Strangers Become Friends
Duty Calls At Goodwill House by Fenella J Miller is a marvellous historical novel and the third book in the Goodwill House series. It can be read as a stand-alone but I recommend reading the other books first.
The war is continuing in 1940 as we rejoin the residents of Goodwill House. It was a pure delight to catch up with familiar faces, both civilians and serving RAF members. The reader follows the action from the village to the base to the skies.
Whilst war looms large, every day life continues. There are adjustments to be made in the running of Goodwill House. The residents have never been aloof but friendly with those below stairs. We witness the mellowing of the matriarch as love permeates the residents. It is a delight to witness the teenage twins transform from rough east enders to beloved family members.
Tragedies still happen in everyday life that have nothing to do with the war. Illness strikes and cruelly cuts down young lives, leaving gaping holes.
New Recruits At Goodwill House by Fenella J Miller is a marvellous historical novel and the second book in the Goodwill House series. It can be read as a stand-alone. I, however, loved meeting up with familiar faces.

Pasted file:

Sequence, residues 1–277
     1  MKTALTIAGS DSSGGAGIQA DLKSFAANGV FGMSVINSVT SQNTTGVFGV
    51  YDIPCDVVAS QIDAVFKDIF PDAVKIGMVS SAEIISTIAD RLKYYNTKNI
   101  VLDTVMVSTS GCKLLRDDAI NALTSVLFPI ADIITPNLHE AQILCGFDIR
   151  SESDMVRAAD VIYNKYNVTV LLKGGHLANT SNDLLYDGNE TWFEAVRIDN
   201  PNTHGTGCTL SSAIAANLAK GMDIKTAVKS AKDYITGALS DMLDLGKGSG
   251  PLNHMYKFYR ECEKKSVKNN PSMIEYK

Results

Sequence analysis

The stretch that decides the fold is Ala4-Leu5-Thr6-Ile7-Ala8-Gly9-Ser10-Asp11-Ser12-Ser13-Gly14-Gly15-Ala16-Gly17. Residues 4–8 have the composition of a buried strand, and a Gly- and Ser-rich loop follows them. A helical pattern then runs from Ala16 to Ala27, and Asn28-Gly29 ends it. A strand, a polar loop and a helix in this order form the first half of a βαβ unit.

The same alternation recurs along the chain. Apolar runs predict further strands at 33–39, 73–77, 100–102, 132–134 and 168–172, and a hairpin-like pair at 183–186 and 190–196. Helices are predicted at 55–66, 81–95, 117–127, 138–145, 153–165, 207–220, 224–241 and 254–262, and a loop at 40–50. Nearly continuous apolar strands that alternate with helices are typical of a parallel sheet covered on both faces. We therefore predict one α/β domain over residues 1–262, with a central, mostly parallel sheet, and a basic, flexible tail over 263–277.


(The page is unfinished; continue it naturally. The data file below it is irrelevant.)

The action is set during 1940 and covers familiar events such as the evacuation of Dunkirk. The reader witnesses the willingness of all to drop whatever they are doing and welcome the returning men with food, drink, blankets and a warm smile.
World War II gives women the opportunity to show just what they are capable of. Traditional roles are abandoned as women step up into the previously occupied men’s shoes. The women are resilient, proving they are more than just trinkets.
Wartime Life Perfectly Captured
The War Girls Of Goodwill House by Fenella J Miller is a marvellous historical novel set at the beginning of World War II.
War brings changes. Large traditional family homes need to be used to accommodate those in the services. Cold, empty mansions spring back to life in the midst of death. Draughty old houses are transformed.
Living near an airfield opens up life for the villagers with tea dances and parties to which all are invited.
Years of oppression for some characters ends with the advent of war. A domineering head of a household is away at war which allows the subservient women to begin to bloom. For years women were seen as status symbols for the upper classes. Now they can show that they are more than just a pretty face as the old order begins to crumble.